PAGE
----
It heats homes, fuels industry and returns comfortable profits. Too bad it's running out.
The known reserves of natural gas beneath the Cook Inlet basin are being depleted. Predictions suggest there may be enough for 10 more years. If gas is to continue feeding the demands of Kenai Peninsula residents, businesses and major industries like Agrium's fertilizer plant and Conoco-Phillips' liquefied natural gas operation, it is imperative another source be found.
Locating ample quantities nearby is the aim of ongoing exploratory drilling operations. Meanwhile, the U.S. Minerals Management Service is preparing to offer vast offshore tracts in the federal waters of lower Cook Inlet and Shelikof Strait to oil and gas companies. According to MMS officials, gas appears to be the main target of companies expressing an interest. Lease Sale 191 is tentatively scheduled for 2004. Another, Lease Sale 199, is set for 2006.
The only quantities of gas known to be sufficient to supply the growing demands of Southcentral Alaska, however, are some 800 miles away on the North Slope -- 35 trillion cubic feet of gas near Prudhoe Bay alone, according to state Department of Natural Resources estimates. Quite a bit more may lie undiscovered along the entirety of the North Slope.
But the only way to get any of that gas here is by pipeline -- a hugely expensive piece of infrastructure that at this point is little more than a pipe dream.
Still, dreamers abound -- industry and government officials who have proposed various routes for transporting the gas to market. One would build a pipeline across the North Slope to Canada where it would link to existing trans-Canada pipelines. State law has effectively rendered that option moot.
Kenai Peninsula officials are backing a route along the Alaska Highway. Bill Popp, the Kenai Peninsula Borough's oil and gas liaison said a spur line off the main line would make gas available to peninsula consumers.
Various proposals for developing North Slope gas all have inherent advantages, but they also have major hurdles to overcome, Popp said.
In November, Alaska voters took a step toward one of those options -- a pipeline to Prince William Sound where gas would be liquefied and shipped
overseas. They overwhelmingly approved creation of the Alaska Natural Gas
Development Authority, which will have the authority to acquire land, issue
tax-exempt bonds, design, build and operate a gas pipeline system bringing
North Slope natural gas to Prince William Sound and create a spur line from
Glennallen to the Southcentral Alaska gas distribution network, including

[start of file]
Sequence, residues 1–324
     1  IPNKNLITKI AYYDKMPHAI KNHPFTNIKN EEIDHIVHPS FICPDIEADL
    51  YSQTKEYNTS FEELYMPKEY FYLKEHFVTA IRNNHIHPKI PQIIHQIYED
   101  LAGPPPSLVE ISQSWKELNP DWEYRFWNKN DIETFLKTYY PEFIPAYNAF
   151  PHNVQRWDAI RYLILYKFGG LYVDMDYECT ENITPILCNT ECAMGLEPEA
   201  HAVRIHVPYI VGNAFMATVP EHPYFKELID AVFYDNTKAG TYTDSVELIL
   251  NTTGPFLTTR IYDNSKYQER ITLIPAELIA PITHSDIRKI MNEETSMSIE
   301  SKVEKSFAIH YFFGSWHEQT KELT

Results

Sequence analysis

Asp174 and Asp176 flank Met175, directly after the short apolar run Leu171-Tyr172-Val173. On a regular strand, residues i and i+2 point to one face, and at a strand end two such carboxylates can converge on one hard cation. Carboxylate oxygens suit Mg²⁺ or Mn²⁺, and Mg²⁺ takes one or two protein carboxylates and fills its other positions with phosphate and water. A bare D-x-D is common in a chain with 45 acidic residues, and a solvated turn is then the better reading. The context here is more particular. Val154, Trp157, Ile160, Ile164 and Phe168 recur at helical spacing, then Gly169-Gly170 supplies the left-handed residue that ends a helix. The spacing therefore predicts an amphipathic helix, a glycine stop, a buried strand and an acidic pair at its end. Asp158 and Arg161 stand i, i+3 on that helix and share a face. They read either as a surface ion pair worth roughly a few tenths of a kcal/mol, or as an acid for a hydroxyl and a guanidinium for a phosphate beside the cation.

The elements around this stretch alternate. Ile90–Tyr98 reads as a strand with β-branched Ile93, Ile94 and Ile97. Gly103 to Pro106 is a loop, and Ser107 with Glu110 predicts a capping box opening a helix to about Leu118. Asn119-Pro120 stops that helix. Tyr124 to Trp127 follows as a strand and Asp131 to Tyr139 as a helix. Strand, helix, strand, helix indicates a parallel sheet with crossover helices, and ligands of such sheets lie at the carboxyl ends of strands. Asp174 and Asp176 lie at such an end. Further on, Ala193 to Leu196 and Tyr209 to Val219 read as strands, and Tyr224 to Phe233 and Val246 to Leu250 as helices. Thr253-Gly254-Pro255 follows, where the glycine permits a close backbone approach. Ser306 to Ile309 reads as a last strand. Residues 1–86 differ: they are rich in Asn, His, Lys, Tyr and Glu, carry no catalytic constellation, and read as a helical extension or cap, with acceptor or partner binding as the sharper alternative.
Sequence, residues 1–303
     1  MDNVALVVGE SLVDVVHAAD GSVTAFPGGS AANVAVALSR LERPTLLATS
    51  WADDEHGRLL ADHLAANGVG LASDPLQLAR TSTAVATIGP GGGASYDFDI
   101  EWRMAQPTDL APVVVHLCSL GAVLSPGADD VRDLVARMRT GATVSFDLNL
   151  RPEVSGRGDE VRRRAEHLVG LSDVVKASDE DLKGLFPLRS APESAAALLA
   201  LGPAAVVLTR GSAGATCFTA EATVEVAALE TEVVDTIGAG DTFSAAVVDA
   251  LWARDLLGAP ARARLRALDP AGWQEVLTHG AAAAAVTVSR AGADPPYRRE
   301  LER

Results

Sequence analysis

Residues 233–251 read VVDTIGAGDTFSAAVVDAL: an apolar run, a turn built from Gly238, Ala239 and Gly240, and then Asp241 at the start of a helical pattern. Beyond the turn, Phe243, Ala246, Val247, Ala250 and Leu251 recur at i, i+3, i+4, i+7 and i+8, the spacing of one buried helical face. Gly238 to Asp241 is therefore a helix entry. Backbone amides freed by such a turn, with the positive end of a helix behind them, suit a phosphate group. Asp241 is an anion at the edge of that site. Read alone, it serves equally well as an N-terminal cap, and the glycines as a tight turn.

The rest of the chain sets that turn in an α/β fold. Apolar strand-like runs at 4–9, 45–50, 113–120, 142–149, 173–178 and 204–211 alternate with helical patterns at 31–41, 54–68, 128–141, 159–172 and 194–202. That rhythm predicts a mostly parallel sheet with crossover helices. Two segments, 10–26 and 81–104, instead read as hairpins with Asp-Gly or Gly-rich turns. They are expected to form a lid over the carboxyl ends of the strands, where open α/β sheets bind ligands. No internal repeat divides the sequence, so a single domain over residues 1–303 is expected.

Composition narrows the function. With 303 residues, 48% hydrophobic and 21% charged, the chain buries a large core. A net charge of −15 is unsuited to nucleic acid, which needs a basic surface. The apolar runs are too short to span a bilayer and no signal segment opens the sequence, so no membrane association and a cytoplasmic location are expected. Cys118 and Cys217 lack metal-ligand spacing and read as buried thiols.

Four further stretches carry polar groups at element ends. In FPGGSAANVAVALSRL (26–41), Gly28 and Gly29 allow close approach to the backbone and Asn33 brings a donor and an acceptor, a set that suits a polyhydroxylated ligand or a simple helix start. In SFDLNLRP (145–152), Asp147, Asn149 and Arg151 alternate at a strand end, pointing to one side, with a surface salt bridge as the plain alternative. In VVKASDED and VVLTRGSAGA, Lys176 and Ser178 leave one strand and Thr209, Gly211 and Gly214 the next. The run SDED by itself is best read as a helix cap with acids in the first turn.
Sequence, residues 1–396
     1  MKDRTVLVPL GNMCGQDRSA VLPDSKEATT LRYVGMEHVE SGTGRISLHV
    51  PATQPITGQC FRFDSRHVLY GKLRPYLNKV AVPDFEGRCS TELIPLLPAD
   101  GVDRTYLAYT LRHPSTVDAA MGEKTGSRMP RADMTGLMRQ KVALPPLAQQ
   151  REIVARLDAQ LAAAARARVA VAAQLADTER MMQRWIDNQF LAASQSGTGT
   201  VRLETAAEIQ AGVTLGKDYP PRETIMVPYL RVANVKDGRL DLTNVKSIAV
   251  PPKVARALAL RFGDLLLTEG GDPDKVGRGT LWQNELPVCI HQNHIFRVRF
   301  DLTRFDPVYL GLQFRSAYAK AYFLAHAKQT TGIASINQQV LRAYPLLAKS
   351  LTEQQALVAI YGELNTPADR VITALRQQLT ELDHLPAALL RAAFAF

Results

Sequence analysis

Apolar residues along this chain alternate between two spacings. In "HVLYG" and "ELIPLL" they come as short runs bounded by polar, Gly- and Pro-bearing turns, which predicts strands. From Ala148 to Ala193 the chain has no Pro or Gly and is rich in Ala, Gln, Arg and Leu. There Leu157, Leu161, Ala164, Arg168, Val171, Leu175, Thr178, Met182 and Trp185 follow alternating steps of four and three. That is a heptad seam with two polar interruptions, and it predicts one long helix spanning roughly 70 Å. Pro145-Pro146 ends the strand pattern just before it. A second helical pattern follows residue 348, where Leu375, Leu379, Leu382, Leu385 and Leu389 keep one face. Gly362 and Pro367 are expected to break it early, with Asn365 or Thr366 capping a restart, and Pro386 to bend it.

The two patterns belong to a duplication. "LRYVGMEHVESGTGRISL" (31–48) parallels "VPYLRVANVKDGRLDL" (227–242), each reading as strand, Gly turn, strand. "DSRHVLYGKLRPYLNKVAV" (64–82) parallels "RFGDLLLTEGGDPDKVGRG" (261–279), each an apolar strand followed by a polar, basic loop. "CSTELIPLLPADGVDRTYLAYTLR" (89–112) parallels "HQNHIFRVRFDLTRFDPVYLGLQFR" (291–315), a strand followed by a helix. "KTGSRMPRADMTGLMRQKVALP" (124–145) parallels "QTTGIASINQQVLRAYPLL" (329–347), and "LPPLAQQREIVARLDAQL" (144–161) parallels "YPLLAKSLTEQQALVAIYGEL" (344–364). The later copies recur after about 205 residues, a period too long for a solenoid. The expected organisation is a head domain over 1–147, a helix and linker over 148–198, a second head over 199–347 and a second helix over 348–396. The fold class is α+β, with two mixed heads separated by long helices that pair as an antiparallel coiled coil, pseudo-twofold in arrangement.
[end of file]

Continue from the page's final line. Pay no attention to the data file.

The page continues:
the gas-hungry Kenai Peninsula.
Many questions remain, however, about how viable such a pipeline would be
and whether the costs - including the construction of a gas processing plant
near Valdez - would permit a price low enough to compete with other Pacific
Rim producers. No other Pacific Rim gas producer needs an 800-mile pipeline
to deliver its product.
The gas is in their backyards. Thats an immediate cost advantage, Popp
There are options being explored that might reduce the need for North Slope
gas on the peninsula. Preliminary exploration is getting underway searching
for gas in the Nanana and Susitna river basins.
If successful, they could bring gas supplies on line hundreds of miles
closer than the North Slope, Popp said.
Still another project would tap methane gas trapped in shallow coal beds. A
company called Evergreen Resources (Alaska) Corp. is exploring near Wasilla.
The recovery method, used in parts of the Lower 48, involves pumping water
out of the coal beds permitting methane to escape under low pressure. No one
is certain, however, if the geology of Alaskas shallow coal seams will make
recovery viable, Popp said.
In theory, the most likely scenario (for supplying gas to Southcentral) is
a pipeline along the Alaska Highway. But that is 10 to 12 years out, he
said. A spur line would be built only after the main line is constructed, he
added. You probably wont see that for at least 14 to 15 years, he said.
The big question for would-be developers is whether the market price of that
gas would compete.
DNR estimates, assuming a spur line without any price support or tax
offsets, that gas will be about $5 per thousand cubic feet.
Cook Inlet gas today is roughly $3 per thousand cubic feet.
Four things need to happen before a pipeline project from the North Slope
can be built, said Dave MacDowell, BP's director of external affairs for
I call it the four-legged stool, he said.
There must be federal enabling legislation leading to an efficient
regulatory process that offers risk-reduction incentives, he said.
This is a very big, very expensive and very risky project. Some sort of
government involvement will be needed, MacDowell said.
Canadian regulatory issues must also be addressed, and there must be
continued resolution of land claims between the Canadian government and
Canadian Native groups.
Project costs must be reduced. New technologies may help do that, he said.
Finally, MacDowell said Alaska must provide a more certain fiscal
environment with tax and royalty terms that investors can count on.
The one thing this state can do to move a gas line forward is provide a
clear, predictable and certain fiscal environment, he said. What you
(investors) dont want to do is make a huge investment commitment without
understanding the rules. There is a great deal of uncertainty around fiscal
How gas is valued is one of those uncertainties.
That sounds simple, but its not, he said. There is not a clear answer
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